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Monthly Archive:: May 2011

Crazy Woman Puts Her Kid Back in A Booster

My son is 11 and 77 lbs. He’s also 5’ tall, taller than some women (and his teacher)! We had a 2005 Toyota Sienna until January that he never seemed to fit well in. I talked about how he didn’t fit and included a picture in this blog post on how to tell if your kid still needs a booster. In January, we bought a new vehicle and he fit differently in the back seat than he did in the Sienna. Yay! He could ride without a booster! How exciting. I didn’t particularly care: he appeared to fit in the seatbelt OK and that’s all that mattered. However, I couldn’t see him in my rear-view mirror anymore and that drove me crazy. I could hear him doing things, but couldn’t see what was up and had to rely upon my dd to tattle on him—“E, what’s your brother doing? E, is he sitting up straight? E, what was that sound he just made?” All as if he existed in a vacuum and couldn’t hear me.

Graco’s New Toy

Back in February, I had the opportunity to join a number of child passenger safety advocates to preview Graco’s new, state-of-the-art crash testing facility that officially opened March 1st, 2011.  The new facility in Atlanta replaces their previous facility.  It’s based on a nearly identical system operated by MGA, the same company that does many standard certification tests for the NHTSA.  In this manner, Graco can verify almost exactly any results done at MGA’s facilities, whether by the government or other party.

Here is some information provided by Graco:

Newell Rubbermaid’s Morgan Falls facility is a state-of-the-art space for engineering, innovation, product design and testing, and quality assurance. A hub of activity in 15 specialized areas, Newell Rubbermaid tests and develops new products for leading brands like Calphalon, Goody, Levolor and Graco.

Graco specifically uses the space for structural, experimental, developmental, and compliance testing of car seats (including NCAP, Canadian testing and a proprietary side-impact test), temperature testing, durability and tip testing, usability and more.

Graco’s crash testing facility is one of leading in the country for child restraint systems and is helping set the standard for other facilities.

Test Facility Fun Facts

•In the Baby & Parenting Essentials crash testing facility, the R&D team conducts nearly 3,000 crash simulations per year.
•The Décor GBU conducts 800 “pull” cycles per day per person per blind to test the durability and lifespan of its blinds
•Microscopes in the Beauty & Style lab can show if your hair has ever been colored (even once!) in your life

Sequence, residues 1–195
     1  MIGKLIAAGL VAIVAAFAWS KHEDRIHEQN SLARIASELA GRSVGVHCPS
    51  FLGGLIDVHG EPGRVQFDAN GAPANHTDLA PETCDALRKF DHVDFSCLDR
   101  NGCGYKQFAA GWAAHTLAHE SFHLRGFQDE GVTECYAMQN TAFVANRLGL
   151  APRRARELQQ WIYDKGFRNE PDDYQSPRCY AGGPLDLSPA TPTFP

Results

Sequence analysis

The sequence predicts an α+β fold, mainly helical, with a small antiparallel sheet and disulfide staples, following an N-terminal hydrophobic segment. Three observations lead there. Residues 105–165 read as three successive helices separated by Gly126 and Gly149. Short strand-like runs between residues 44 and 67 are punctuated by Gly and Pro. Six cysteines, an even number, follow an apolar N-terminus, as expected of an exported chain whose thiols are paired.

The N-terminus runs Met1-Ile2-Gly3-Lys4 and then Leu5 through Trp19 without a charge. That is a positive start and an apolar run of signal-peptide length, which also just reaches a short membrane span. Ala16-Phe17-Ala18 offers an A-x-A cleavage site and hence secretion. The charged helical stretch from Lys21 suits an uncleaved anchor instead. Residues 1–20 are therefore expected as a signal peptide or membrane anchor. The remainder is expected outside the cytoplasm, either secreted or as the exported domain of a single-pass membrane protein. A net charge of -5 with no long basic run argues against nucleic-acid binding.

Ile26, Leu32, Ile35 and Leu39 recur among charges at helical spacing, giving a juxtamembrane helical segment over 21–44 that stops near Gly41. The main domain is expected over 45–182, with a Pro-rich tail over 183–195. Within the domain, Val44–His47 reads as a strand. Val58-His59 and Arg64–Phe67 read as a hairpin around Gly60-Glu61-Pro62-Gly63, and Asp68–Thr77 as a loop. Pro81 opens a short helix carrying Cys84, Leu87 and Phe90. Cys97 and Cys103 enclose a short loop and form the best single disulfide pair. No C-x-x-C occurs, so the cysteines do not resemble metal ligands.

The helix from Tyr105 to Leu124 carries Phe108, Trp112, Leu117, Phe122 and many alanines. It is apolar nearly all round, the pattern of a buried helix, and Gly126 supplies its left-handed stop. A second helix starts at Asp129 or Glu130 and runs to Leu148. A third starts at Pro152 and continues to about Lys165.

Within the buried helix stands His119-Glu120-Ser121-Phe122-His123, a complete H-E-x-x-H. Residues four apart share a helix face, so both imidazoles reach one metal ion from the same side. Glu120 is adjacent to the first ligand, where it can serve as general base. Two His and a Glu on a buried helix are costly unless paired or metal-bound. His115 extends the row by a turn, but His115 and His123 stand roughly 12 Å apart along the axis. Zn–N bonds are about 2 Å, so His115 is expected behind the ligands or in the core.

•An estimated 300 tons of concrete and 15 tons of steel reinforcement was used to construct the crash sled
•In the environmental testing chamber, temperatures can range from -92° to 302°F
•During a crash test, the total crash impact occurs in only a quarter of a second

One of the interesting things about this type of facility is that it runs in reverse of other types of crash test sleds.  Normally, you would picture a sled with a carseat being launched down a track and coming to an abrupt stop, with the data being taken as the sled suddenly decelerated as it hit the bumper at the end of the track.  In this type of sled, it is actually forcefully accelerated by a sudden release of extremely high air pressure and then the sled comes to a gradual stop.  It’s that momentary jerk at the initial launch that simulates a sudden stop, only in reverse. It can take a little while to wrap your mind around that when you see it.  A background as a test engineer helps, sometimes!

Here’s a photo of Stephanie Tombrello (SafetyBeltSafe U.S.A.) and I on the sled.  Stephanie had the honor of pressing the “launch” button for the first run down the sled!

Thank you again to Graco Children’s Products for travel expenses and the tour of their facility and also for sponsoring our April anniversary giveaways at Car-Seat.Organd here at CarseatBlog.com.  Congratulations to all the winners of carseats, gear, mousepads and other prizes!

Recommended Infant Carseats for Preemies & Multiples – CarseatBlog’s List of Best Bets

Everyone understands that low birthweight babies often come with challenges. However, most expecting parents don’t consider the possibility that the carseat they bought or chose to put on their baby registry might not fit baby well if she or he arrives early or is smaller than average at birth.

Of course, you often have no idea ahead of time that you’re going to have a preemie or smaller-than-average term baby.  But if you’re expecting multiples, have a history of preterm labor or just a history of delivering small babies then you really want to be prepared with a carseat that is likely to fit the baby/babies well regardless of whether they’re 4 lbs or 9 lbs at discharge.

Unboxings: Chevy Volt, Britax B-Safe. Reviews coming soon!

Here are a couple previews of things to come at CarseatBlog later this month!

The Britax B-Safe infant seat (arriving at stores in June) looks very nice at first glance; smaller, lighter and less expensive than the Chaperone.  Plus, with bottom harness slots around 5″ torso height, it appears to fit the 4-pound Huggable Images premature infant doll, even without an insert!

The Chevrolet Volt is oh-so-sweet.  Everyone takes a second look as you silently approach, then cruise away!  I’ll be driving in style for a week, but will also be sad when it has to go.  As usual, I surprised Jon with it when I picked him up from kindergarden…

*And no I didn’t take my eyes off the road, I just turned the camera around with the hand that wasn’t on the wheel. (Blogging and Drving performed by an expert driver on a familiar course.  Please don’t try this at home!)